February 3, 2012

Helicobactor bug may increase the risk of diabetes


Helicobacter pylori shows that people who have been infected with the bug are more than twice as likely to develop diabetes. The study examined the association between chronic infections and diabetes in the elderly Latino population.

Helicobacter pylori (H. pylori) is a strain of bacteria that causes chronic inflammation of the inner lining of the stomach. Most people with H. pylori infection will never have any signs or symptoms. It isn’t until a person presents with symptoms leading to the diagnosis of stomach cancer, inflammation of the stomach, or ulcers that H. pylori is found in the body.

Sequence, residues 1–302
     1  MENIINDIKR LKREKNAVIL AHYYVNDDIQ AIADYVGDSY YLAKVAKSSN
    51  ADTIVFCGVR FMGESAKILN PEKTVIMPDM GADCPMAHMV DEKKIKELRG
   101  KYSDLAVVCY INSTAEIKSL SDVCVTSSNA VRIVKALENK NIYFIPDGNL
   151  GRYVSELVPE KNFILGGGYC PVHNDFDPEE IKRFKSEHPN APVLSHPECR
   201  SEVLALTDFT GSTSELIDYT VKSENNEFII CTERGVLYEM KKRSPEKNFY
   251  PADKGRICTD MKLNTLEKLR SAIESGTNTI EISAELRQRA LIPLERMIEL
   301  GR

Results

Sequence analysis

Researchers followed almost 800 individuals, 60 years or older, for over a decade. None of the participants had diabetes at the start of the study and they all were tested for H. pylori. But over time, 144 people developed the disease, and 97% of those had tested positive for H. pylori at the start of the study. The participants who tested positive for H. pylori at the beginning of the study were 2.7 times more likely at any given time to develop diabetes.

The study demonstrated for the first time that H. pylori infection leads to an increased rate of diabetes. Although the results show the bug as a strong indicator of predicting diabetes – it does not prove that H. pylori causes diabetes.

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